Jamestown S’Klallam Tribe cleans tidelands for shellfish

The Jamestown S’Klallam Tribe is re-using old cinderblocks to clean up popular shellfish beds and delineate harvest areas.

With crews from the Department of Ecology’s Washington Conservation Corps/Veterans Conservation Corps (WCC/VCC) and NW Straits Commission, tribal shellfish staff spent a week in July situating the concrete blocks and removing debris from Quilcene and Sequim bays.

In Quilcene Bay, hundreds of cinderblocks were left behind on the tidelands from an old oyster farm operation. Instead of hauling them out, the tribe reorganized them to create obvious harvest area boundaries.

“Boundaries need to be better defined on the beach for both tribal and non-tribal harvesters, especially at night, when it’s hard to see the boundary flags,” said Ralph Riccio, the tribe’s shellfish biologist. “The blocks are a great way to do that.”

Jamestown S'Klallam Tribe natural resources technician Casey Allen lays out cinderblocks to delineate shellfish harvest areas. For more pictures, click on the photo.
Jamestown S’Klallam Tribe natural resources technician Casey Allen lays out cinderblocks to delineate shellfish harvest areas in Quilcene Bay. For more pictures, click on the photo.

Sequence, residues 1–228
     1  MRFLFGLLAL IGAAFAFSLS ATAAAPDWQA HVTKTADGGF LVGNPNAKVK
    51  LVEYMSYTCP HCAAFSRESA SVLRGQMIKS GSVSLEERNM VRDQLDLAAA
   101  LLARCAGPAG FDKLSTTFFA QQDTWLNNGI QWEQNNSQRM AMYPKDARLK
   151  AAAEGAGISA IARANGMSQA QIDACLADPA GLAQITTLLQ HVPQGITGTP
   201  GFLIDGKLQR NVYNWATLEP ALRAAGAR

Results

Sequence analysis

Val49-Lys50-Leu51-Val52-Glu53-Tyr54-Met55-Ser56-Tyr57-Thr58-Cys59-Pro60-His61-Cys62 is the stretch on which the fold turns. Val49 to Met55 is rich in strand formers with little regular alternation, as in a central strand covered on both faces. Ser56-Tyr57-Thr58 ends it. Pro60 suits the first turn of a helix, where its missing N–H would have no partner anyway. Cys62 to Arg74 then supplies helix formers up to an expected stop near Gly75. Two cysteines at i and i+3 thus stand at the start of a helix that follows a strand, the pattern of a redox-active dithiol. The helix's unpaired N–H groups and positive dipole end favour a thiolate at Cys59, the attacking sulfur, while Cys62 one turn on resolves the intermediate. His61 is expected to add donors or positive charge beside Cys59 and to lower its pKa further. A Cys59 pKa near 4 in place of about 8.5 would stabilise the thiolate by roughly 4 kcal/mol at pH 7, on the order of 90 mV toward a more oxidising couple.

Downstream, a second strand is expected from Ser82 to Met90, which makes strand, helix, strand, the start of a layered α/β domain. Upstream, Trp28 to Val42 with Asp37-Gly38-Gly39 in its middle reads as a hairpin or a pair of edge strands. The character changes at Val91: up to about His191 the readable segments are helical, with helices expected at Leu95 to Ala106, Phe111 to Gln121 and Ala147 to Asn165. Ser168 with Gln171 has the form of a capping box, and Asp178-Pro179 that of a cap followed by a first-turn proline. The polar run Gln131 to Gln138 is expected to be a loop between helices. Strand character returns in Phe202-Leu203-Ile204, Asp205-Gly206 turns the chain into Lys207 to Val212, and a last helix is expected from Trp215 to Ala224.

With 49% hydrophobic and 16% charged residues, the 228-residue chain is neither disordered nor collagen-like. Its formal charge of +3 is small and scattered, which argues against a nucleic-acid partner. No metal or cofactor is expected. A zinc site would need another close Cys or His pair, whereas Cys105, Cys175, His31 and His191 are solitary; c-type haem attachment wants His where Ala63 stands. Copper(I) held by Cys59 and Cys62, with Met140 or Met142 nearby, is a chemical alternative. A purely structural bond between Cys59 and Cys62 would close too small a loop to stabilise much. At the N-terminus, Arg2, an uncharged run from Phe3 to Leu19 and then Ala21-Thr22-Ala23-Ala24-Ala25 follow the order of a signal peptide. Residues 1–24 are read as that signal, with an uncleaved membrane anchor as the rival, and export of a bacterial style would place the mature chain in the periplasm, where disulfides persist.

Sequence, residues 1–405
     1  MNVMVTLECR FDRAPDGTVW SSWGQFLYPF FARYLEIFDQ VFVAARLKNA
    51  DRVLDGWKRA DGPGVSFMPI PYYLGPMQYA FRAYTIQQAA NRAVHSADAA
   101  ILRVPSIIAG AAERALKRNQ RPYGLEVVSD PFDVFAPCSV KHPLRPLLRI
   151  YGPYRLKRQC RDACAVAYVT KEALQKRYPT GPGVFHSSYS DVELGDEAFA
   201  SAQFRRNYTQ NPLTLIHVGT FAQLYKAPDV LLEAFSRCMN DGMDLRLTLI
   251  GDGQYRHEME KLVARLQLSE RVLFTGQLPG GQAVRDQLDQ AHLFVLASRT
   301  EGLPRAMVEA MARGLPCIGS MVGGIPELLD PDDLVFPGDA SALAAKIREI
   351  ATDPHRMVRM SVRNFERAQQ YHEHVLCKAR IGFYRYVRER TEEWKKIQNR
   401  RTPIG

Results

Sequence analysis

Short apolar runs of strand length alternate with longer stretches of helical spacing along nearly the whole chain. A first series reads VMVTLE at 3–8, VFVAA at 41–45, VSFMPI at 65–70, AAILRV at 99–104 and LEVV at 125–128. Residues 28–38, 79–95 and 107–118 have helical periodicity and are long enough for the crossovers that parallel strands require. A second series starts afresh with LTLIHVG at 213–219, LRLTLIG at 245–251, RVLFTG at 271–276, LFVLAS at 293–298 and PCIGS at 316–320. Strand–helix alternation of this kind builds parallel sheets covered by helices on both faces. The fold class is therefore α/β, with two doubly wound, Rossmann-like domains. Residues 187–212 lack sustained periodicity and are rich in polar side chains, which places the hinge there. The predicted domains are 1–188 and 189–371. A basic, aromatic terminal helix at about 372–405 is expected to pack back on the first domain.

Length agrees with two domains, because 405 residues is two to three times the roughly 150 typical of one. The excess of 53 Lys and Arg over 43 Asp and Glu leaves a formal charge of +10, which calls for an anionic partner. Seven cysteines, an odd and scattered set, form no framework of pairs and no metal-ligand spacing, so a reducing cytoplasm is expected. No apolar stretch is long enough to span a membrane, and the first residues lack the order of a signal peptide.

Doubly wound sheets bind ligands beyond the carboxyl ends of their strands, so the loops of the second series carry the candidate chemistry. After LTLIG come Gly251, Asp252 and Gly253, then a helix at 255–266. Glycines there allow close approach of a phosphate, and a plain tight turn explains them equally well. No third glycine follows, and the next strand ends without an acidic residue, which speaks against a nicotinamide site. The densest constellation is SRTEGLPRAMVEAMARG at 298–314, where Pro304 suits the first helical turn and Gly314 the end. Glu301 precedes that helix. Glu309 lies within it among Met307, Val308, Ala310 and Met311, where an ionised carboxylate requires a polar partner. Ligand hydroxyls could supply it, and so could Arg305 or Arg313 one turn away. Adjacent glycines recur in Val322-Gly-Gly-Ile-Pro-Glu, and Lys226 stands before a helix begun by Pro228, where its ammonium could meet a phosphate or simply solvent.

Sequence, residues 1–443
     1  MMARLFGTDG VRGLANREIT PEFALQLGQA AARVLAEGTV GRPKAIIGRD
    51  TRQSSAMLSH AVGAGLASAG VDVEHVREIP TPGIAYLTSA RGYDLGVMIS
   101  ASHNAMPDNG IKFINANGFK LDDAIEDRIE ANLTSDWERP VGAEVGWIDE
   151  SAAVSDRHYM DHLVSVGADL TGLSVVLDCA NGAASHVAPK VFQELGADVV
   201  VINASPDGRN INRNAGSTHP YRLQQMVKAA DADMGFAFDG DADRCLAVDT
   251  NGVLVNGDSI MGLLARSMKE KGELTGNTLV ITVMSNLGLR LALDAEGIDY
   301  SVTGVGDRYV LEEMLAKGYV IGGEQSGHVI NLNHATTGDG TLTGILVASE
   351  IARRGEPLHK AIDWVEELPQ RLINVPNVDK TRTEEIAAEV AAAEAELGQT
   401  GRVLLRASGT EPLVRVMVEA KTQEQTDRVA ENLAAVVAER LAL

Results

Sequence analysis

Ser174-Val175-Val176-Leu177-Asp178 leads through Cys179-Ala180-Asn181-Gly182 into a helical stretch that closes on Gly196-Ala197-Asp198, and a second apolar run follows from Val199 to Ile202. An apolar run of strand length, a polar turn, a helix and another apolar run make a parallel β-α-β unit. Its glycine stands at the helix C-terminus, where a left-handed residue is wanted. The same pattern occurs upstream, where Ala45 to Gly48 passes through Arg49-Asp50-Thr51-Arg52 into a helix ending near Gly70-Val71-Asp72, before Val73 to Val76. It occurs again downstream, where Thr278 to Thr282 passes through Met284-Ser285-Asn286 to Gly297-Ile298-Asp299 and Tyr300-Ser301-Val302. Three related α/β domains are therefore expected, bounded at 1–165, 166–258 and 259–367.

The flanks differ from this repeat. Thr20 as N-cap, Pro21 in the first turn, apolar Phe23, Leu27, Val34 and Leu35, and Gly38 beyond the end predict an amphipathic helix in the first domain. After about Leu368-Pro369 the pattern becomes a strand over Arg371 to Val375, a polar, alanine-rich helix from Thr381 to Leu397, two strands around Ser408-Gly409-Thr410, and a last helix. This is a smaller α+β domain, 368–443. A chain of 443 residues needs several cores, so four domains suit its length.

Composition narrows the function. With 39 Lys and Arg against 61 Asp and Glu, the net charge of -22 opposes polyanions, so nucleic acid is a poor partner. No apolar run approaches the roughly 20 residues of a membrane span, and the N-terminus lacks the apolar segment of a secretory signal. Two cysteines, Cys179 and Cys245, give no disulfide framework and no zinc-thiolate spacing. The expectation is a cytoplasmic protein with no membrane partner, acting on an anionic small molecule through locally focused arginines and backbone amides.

Debris removal included removing old boundary posts and oyster seed bags from Quilcene Bay, and tires from the banks of Sequim Bay, next to the tribal government campus.

“We wound up removing 45 tires from Sequim Bay, weighing more than 1,800 pounds, plus 240 pounds of styrofoam and plastic debris from Quilcene Bay,” said Paul Argites, the marine debris removal assistant from the NW Straits Commission.

“It’s a significant haul, but only a minor dent in the accumulation of marine debris in the Puget Sound,” Argites said. “The crew removes on average between 2,500-3,500 pounds of debris during a regular work week, so this cleanup is on par with previous cleanup projects.”

The work also was an opportunity to support jobs for veterans who are part of the WCC. The Washington Legislature provided funding to support hiring recently returning military veterans for beach cleanup work. The Corps created three specialized post-9/11 military veteran crews to survey the coastline and remove marine debris. The crews clean up backcountry areas of beaches that are difficult for volunteer crews to reach and provide volunteer event coordination. The WCC also is supported through grant funding and Education Awards provided by AmeriCorps.